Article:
Expiration Dates – What Do They Mean?

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If you can reduce your food waste, not only will your food budget go down, but also your carbon footprint.  On average, Americans waste between 12-20% of what they buy, and America as a whole wastes about 40% of its food supply.  Producing this food that never gets used accounts for more than 1/4 of America’s consumption of fresh water, and also uses about 300 million barrels of oil per year.  Not to mention all the methane that emerges when this wasted food rots (methane is a potent greenhouse gas)!

Luckily there are LOTS of ways you can reduce the amount of food you waste at home, from buying less to being more efficient with what you have lying around.  I am going to write about many of the ways you can achieve this over the coming months, but to start, a few words about expiration dates.

There are different kinds of expiration dates: 

“sell-by” = a guide for the store to know how long it can display an item for sale (yogurt, milk, most dairy products are sell-by ….which means if your milk/yogurt/cheese doesn’t smell spoiled or look weird, it’s probably fine…I don’t even look at the date on my dairy products, I just trust my senses, especially with yogurt–which is kind of like spoiled milk anyway–usually tastes good for up to a month after the date on the carton)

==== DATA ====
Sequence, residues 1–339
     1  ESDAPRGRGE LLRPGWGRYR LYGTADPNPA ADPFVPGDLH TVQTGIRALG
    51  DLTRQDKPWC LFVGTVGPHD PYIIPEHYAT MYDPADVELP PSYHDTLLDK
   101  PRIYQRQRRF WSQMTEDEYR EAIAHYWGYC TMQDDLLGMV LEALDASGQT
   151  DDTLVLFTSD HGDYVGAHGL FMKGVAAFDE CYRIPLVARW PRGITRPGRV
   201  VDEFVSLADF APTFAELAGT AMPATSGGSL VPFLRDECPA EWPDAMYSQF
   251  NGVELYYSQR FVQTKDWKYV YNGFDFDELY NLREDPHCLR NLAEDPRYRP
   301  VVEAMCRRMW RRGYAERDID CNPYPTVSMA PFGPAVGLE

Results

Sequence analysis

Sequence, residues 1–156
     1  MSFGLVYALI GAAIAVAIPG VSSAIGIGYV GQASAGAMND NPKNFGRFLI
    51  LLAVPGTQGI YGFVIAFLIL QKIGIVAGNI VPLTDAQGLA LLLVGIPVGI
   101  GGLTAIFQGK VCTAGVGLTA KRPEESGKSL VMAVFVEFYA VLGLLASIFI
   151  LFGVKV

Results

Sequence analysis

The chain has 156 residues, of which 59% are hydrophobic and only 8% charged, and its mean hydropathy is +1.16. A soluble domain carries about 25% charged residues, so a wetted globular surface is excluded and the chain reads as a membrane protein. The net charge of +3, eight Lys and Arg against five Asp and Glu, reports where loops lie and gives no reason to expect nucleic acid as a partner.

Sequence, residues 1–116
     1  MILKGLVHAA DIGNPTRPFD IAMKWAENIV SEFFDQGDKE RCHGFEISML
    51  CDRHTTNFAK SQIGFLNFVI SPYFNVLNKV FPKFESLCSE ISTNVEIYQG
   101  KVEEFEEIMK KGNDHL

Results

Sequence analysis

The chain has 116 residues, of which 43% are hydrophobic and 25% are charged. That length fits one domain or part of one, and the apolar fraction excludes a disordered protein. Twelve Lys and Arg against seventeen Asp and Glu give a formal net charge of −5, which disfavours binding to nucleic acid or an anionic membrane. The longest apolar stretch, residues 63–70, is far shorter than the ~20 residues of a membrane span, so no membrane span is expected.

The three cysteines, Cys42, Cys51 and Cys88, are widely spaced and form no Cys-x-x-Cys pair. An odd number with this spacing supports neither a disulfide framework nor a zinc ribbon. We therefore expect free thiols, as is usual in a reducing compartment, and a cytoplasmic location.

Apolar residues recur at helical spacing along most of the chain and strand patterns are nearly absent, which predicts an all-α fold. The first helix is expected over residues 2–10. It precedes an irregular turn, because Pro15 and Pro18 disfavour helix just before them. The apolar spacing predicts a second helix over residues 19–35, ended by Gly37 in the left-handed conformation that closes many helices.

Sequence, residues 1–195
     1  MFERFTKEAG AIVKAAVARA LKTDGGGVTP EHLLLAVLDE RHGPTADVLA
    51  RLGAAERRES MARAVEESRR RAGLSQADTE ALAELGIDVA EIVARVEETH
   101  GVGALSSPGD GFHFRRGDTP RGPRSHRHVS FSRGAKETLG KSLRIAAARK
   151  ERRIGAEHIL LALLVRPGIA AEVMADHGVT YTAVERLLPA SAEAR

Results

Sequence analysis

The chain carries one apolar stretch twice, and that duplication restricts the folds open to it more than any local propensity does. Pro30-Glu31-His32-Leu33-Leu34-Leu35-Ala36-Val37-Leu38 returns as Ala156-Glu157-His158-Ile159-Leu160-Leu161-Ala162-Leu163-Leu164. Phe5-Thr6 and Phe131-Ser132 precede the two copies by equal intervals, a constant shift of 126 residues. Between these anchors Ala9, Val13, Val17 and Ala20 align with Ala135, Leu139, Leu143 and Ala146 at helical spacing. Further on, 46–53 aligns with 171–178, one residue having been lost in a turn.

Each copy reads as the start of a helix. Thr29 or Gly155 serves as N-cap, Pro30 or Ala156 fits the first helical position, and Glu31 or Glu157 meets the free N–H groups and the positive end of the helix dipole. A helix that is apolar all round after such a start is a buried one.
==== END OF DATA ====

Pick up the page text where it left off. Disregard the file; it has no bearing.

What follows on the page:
“best before”or “best by” = refers to the quality or flavor of the food (like jelly/jam, nuts, oils)
“use by”= this is a true expiration date, after which it’s best not to use a product at all (like mayonnaise, meats, etc)
“use or freeze by” = literally, use it or freeze it by this date; once it’s in the freezer, the product will last 3-6 months longer than the date, depending on the type of food)

For a complete guide on how to read expiration dates, check out this easy-to-read article from Business Week.

Remember, the things that give you food poisoning or make you sick are usually colorless, odorless, and tasteless — so you’re not necessarily avoiding illness by throwing away your 1-lb block of cheese that has a tiny speck of mold on it! 

Economist Magazine, Nov 26, 2009 (Source for statistics used in this post).

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